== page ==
For years I was functioning naively under the illusion that the burst of racial and ethnic diversity showered on the U.S. over the last few decades had morphed U.S. society into a place of racial tolerance. Even as I was experiencing racism in school, my classes in my elementary school in Western Pennsylvania taught me how America was a wonderful melting pot of cultures. Through my pain, I was proud of that America.
My pride for America quickly dissipated into disappointment years later when I visited with my sister in north-central Pennsylvania. We were together in a shopping mall when my three-year old niece became captivated by a little blonde girl around her age. My niece fell into what appeared to be a trance. She followed the little girl everywhere, but didn’t dare speak to her. My niece behaved as though she was not worthy of speaking to the girl. Instead, she seemed to silently worship the girl.
I mentioned my niece’s strange behavior to my sister. My sister surmised that the behavior had something to do with another little blonde girl refusing to play with my niece because, she told my three-year old niece, she was not allowed to play with black kids. I wanted to cry. Indignant, I replied, “I went through this when I was a child. This is not supposed to be happening 20 years later.” My niece was not supposed to be the same kid I was, struggling with identity, pain from within uncomfortably disguised outwardly with a smile.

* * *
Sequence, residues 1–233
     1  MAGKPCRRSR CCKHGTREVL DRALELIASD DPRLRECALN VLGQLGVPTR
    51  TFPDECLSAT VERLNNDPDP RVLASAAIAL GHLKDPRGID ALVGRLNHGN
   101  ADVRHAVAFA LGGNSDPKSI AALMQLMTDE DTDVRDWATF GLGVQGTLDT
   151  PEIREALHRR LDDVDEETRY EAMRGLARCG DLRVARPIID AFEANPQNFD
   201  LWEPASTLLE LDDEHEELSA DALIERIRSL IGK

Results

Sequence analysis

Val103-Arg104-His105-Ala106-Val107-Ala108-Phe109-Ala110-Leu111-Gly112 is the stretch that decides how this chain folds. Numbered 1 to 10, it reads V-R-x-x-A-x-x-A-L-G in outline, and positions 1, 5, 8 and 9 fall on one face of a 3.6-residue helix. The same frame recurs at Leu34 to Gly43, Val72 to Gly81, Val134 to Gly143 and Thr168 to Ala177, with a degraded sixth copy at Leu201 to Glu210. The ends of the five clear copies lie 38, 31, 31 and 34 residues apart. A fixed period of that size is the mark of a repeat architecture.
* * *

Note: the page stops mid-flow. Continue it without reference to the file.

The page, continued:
Naturally, I am hoping that what happened at the Valley Swim Club will not leave a similar indelible scar on the psyche of those 65 day camp children. But beyond that, I wonder how those children can be expected to “pull themselves up by their bootstraps,” as we are taught to do as Americans, and contribute positively to our society when these children are taught at a young age that the color of their skin is a negative.
I now live in Germany where society is much more homogenously white than in the U.S. In Germany I am a minority in every sense of the word. Yet, I feel about as secure in my black skin here as I did in America. I am in a foreign country that is infamous for the basest form of racial hatred in modern history, and I don’t speak the language, and I feel as secure as I did in America. It shouldn’t add up, but it does. True, somewhere in my gut, I am always concerned that I will get on a tram and be confronted by a neo-Nazi. But in this country, I know who the villains are. The villains are the radical fringe, by definition; they have nothing in common with normal. In the U.S., on the other hand, the villains can and do pass themselves off as normal, masquerading as our school teachers and other authority figures we are taught respect. The kids from the Creative Steps Day Camp probably believe that the racists who expelled them are normal. And if those kids ever want to get anywhere in life, if they really want to pull themselves up by their boot straps, they’ve got to be accepted by these “normal” people. White people. Upper-class people. Adult people. Authority people.
Obviously, some people can squeak by with their self-worth in tact, against all odds. I am a living example. I was lucky. My niece, now 21, was lucky. Being lucky, however, does not come without deep emotional wounds and big psychotherapy bills. And do we really want to live in a society that requires children to rely on luck? I know we can do better than that.